George Osborne will raise his red box with no Liberal Democrats in sight as he poses for the press ahead of his emergency budget on 8 July. The chancellor, with a Tory majority in the bag, will no doubt have a smile on his face outside of Number 11.
For the past five years, the yellows, mainly in the shape of former chief secretary Danny Alexander, have kept a keen eye on what has gone in Osborne's box.
But now, with the Lib Dems left with just eight MPs, Osborne will be able deliver a full, non-diluted, Tory economic package. Ahead of the summer speech, IBTimes UK takes a look at what the chancellor may have in store across three key areas: housing, the welfare bill and pensions.
The UK has an affordable housing crisis – a problem even the new communities secretary, Greg Clark, has warned about. The top Tory used his speech at the Local Government Association (LGA) on 2 July to tell councils young people face "exile" from their neighbourhoods because of the issue.
The consensus is more properties must be built to tackle the crisis. But the key questions are how many homes and for who?
The Conservative answer, outlined in its general election manifesto, is 200,000 properties for first-time buyers under 40. The policy is designed to get people who would otherwise struggle on to the increasingly expensive property ladder with a 20% discount. The Tories have also promised to set-up a £1bn brownfield regeneration fund. The idea is that councils use the monies to clean up sites in a bid to build 400,000 new homes.
But how is the scheme funded? Well, this is the controversial bit. The programme would be supported by extending the right-to-buy to housing association homes in England. The move would enable tenants to buy the properties they live in with a discount of up to £102,700 in London and up to £77,000 outside the capital.
"Brownfield sites present a big opportunity but also a major challenge: they're a minefield for developers, with costs and hurdles around decontaminating land," said Rob Walker, head of real estate tax at PricewaterhouseCoopers (PwC).
"Announcements could include tax incentives for developing brownfield sites, such as extending capital allowances or stamp duty holidays. Care will need to be taken to ensure any measures don't breach EU rules to prevent competition being distorted."
The Tories have promised to slash the UK's annual welfare budget by £12bn. But where will these cuts come from? The party's pre-election paper only gave us a bit of glimpse as to where Osborne's axe will fall, including freezing working-age benefits and tax credits for two years. However, the chancellor still has set out £10.5bn worth of cuts, according to think-tank the Institute for Fiscal Studies (IFS).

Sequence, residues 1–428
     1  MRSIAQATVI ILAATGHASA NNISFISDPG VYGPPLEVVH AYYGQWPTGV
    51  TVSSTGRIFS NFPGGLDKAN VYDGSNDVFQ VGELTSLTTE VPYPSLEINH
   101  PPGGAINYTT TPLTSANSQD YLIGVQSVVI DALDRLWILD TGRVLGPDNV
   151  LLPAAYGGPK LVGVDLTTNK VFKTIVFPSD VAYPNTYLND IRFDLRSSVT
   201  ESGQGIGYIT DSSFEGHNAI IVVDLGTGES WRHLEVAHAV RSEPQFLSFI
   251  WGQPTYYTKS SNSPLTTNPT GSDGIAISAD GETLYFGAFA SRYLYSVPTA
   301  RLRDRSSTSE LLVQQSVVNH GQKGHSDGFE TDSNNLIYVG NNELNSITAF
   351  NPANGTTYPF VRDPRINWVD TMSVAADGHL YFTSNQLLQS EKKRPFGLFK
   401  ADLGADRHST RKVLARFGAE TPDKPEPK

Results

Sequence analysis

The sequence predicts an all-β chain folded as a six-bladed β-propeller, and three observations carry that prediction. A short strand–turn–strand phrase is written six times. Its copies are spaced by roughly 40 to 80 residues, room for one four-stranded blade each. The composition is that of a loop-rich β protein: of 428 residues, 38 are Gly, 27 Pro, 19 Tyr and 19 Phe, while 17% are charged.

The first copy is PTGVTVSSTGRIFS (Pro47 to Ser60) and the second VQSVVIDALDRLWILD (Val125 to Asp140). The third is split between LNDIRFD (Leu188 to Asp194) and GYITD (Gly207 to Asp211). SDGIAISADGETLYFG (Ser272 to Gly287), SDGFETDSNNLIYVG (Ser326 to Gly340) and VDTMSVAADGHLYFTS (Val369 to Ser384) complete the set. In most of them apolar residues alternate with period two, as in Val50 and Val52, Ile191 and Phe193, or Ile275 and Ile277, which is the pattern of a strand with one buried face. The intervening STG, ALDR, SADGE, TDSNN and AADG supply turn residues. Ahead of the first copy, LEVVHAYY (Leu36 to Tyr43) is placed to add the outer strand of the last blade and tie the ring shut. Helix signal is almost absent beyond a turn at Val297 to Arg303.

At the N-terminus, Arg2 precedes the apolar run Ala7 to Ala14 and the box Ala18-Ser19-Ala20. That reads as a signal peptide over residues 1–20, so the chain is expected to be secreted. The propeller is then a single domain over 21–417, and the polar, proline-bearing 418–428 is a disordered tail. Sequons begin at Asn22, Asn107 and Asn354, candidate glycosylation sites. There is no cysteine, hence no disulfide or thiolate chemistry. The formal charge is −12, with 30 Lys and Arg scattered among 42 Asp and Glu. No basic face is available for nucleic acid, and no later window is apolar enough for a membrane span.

Ministers are reportedly mooting several areas to make savings, a leaked Department for Work and Pensions (DWP) document suggests. The note, obtained by the BBC in March, appeared to show that civil servants have outlined the options of introducing a regional benefits cap and taxing disability benefits. But the government hit back at the story, dubbing it "ill-informed and inaccurate speculation". A DWP spokesperson said: "It's wrong and misleading to suggest that any of this is part of our plan."
The coalition government infamously enacted the so-called "retirement revolution", where Osborne and former pensions minister Steve Webb pushed through a number of savings freedoms.
The legislation meant, among other things, anyone over 55 could access their pension pot from 6 April without being taxed heavily for taking out an annuity, otherwise known as an annual retirement income.
Webb hit headlines when said he was happy for pensioners to use their money on what they wanted, including splurging it on a Lamborghini. "If people do get a Lamborghini, and end up on the state pension, the state is much less concerned about that, and that is their choice," he told the BBC.
But with the former Liberal Democrat MP no longer in office and the "retirement revolution" fulfilled, what can Osborne offer grey voters? Tom McPhail, head of pensions research at financial firm Hargreaves Lansdown, told IBTimes UK that pensions tax relief has a "high probability" of making an appearance at the chancellor's dispatch box.
This is because the Conservatives committed in their manifesto to reduce tax relief (or the annual allowance) for people who earn more than £150,000 a year on their pension contributions.
"It would now be a surprise, a pleasant surprise, if they chose not to go ahead and impose that restriction," McPhail said.
"We have submitted proposals for alternatives to that particular policy measure – I don't think it will go down well with the pensions industry if they do press ahead with it, but we accept that they might."
Elsewhere, the pension expert said there is still a lot of work to do to "successfully implement all of the various changes that are already in train".
McPhail explained: "One of the big challenges for the new government is to get the implantation of the new state pension across the line in 2016. [In addition], we are also about to hit the huge bulge in employer registrations under auto-enrolment.
"And within the pensions freedoms, there's still a lot of work to be done in tidying up what's already been introduced.
"Osborne likes surprising people – he's been pretty good at doing the unexpected. So I wouldn't entirely dismiss the idea of the possibility of us getting some more ground-breaking reform on pensions, but it doesn't feel like the moment to do that given how much we have got going on already."